By Alan Scherstuhl
By Mark Holcombe
By Scott Foundas
By Nick Pinkerton
By Michael Atkinson
By Scott Foundas
By Keith Phipps
By Alan Scherstuhl
Travel is war these days. So says a matronly airline passenger in Wes Craven's Red Eye, right before she boards a plane with an assassin. Combat Mom doesn't know that she's flying the friendly skies with a killer; her solemn proclamation refers to the whiner in the check-in line who's chewing out the airport staff about the inconveniences of modern-day transport. For those of us horror fans who plop down $8.50 to temporarily replace our real-life fears with more abstract boogeymen, the old lady's metaphor seems appropriate. War is not about hunting down Al Qaeda or snuffing out Iraqi insurgents or avenging the victims of 9/11. War just means having to take your shoes off when you go through the metal detector or missing your flight because too many businessmen in the line in front of you volunteered to have their suitcases checked.
Which leads us to what may be the first post-"post 9/11" movie of the year: a fear-of-flying flick in which all the suspense centers on mundane safety regulations: silencing cell phones during takeoff, watching your step as you exit the moving walkway, avoiding any nominally sketchy dudes who may or may not be jihadists. In Red Eye, our bland terrorist is even blue-eyed: Jack Rippner (Cillian Murphy) is a coach-class regular who has been hired not to snuff the president or unleash germ warfare on a major metropolis, but to take out the director of Homeland Security. (The day when there's no one left to tell us whether the advisory system is at a level of "yellow" or "orange" --that's when we'll know the terrorists have won.)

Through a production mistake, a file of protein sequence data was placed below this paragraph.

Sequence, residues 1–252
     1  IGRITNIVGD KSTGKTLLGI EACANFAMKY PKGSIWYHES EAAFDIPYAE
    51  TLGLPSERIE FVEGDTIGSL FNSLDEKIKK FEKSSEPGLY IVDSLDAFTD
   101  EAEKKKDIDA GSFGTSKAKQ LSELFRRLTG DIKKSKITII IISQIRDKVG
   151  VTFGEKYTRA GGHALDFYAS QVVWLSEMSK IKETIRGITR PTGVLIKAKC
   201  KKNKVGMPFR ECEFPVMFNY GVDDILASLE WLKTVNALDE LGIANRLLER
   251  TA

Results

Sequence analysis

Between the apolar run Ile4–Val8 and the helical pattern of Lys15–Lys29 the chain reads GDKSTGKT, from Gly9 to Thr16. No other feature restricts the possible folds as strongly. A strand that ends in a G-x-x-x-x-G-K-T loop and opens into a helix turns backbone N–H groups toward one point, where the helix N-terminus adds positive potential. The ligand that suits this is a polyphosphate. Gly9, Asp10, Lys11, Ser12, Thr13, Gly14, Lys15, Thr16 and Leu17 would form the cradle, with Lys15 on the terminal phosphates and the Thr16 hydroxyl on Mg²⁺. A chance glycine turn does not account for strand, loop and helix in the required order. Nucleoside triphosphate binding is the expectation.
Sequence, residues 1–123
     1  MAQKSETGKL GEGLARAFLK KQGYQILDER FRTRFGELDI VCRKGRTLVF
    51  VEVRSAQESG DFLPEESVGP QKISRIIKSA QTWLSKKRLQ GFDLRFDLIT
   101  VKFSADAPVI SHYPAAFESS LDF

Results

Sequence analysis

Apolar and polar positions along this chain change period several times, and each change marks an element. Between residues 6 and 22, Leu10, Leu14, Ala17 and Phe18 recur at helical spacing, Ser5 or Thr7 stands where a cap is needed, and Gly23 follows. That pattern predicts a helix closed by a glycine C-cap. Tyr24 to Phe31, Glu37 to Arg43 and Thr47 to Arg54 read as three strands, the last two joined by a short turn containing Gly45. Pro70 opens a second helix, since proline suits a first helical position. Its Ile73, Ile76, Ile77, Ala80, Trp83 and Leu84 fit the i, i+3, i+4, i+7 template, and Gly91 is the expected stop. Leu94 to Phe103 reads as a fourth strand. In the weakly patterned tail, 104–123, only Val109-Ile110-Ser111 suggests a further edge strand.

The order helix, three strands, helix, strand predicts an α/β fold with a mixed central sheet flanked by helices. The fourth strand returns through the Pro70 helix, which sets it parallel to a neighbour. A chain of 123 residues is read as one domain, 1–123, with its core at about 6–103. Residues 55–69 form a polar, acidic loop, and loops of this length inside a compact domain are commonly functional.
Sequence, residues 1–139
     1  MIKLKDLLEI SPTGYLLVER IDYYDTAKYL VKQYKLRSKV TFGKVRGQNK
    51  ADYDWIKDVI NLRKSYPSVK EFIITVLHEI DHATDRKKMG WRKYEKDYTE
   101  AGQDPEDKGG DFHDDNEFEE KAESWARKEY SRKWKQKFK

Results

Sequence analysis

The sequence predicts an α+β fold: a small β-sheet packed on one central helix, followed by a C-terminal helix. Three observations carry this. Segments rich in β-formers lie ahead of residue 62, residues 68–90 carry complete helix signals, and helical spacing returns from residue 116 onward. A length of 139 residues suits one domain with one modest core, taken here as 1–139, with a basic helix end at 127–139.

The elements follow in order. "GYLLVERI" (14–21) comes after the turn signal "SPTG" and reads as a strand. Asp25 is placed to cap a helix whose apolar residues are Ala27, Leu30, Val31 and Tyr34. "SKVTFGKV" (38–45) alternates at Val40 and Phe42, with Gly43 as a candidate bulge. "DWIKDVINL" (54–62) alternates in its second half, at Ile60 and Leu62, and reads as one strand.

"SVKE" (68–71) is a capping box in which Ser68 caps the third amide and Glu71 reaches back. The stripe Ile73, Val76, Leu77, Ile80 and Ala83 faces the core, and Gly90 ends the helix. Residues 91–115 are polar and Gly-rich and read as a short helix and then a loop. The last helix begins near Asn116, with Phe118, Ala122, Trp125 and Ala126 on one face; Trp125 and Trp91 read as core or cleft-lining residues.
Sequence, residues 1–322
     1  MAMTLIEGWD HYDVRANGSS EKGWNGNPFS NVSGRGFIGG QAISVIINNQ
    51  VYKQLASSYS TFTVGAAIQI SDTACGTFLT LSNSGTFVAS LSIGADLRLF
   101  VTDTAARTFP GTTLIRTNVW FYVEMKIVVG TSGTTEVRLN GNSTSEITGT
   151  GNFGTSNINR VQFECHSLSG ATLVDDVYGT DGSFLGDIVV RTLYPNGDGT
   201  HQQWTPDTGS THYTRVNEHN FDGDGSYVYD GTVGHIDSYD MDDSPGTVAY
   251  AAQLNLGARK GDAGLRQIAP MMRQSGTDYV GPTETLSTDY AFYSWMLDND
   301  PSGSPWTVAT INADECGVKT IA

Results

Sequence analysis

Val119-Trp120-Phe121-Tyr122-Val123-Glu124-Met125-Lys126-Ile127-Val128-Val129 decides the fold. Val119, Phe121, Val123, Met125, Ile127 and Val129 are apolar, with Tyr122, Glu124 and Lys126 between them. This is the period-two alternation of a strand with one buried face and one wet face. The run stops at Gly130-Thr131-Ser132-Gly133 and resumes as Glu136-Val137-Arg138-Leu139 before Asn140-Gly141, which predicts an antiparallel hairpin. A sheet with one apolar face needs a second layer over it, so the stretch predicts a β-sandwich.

In the window seat next to him is Lisa Reisert (Rachel McAdams), a heart-of-gold hotel clerk whom Jack needs to make an in-flight call that will help him complete the crime. Jack has no knife or gun, so if Lisa doesn't do what he demands, he will threaten her with his only weapon: his skull, which delivers a mean headbutting. Then he will do the one thing frequent flyers fear the most: He will talk and talk and talk about his plans while she's stuck there next to him. So yeah--travel is war. And war is hell. And hell is other people.
Have post-9/11 precautions declawed the airline-hijacking movie? Since security has already stripped our villain of anything more lethal than tweezers, and Jack admits from the very beginning that he doesn't plan on ambushing the whole plane ("I'm not suicidal"), Lisa faces no immediate danger. Why she doesn't immediately report him to a stewardess and have his free peanuts shipped out to Guantanamo is beyond me. So as Red Eye ticks through each minute of its excruciatingly slow and uneventful first half, a different sort of dread takes over: What if nothing happens? What if we're waiting here until the credits roll and nothing blows up and there are no casualties and the plane lands safely? What if our anticipation of the Big Terrorist Act never finds release, and we're stuck with this same dull, nagging, underlying uneasiness forever?
The question is still there after you leave the theater, and the answer may be in another film: Before Cillian Murphy's freckled mug contorted into Jack's grimace, the actor ratcheted up his fearmongering as the Scarecrow in Batman Begins. That film taught us to believe that "men fear most what they cannot see" and urged us to "embrace your worst fear"; Red Eye does neither. Instead, it finds Jack asking Lisa about the most frightening moment in her life: "Were you scared because it was beyond your control?" "No," she replies, "I just wanted to make sure it would never happen again."
There are those pundits who have said that if 9/11 hadn't happened, pop culture would have invented it. But I fear the opposite will be true: that because 9/11 happened, the very people who understand what we're most afraid of might never invent it again. What will happen when there's no creative outlet for this fear? How do you fight the what-ifs if you can't see them played out on screen? Well, in that case, maybe Jack Rippner has something to teach us after all: Your only weapon is your head.
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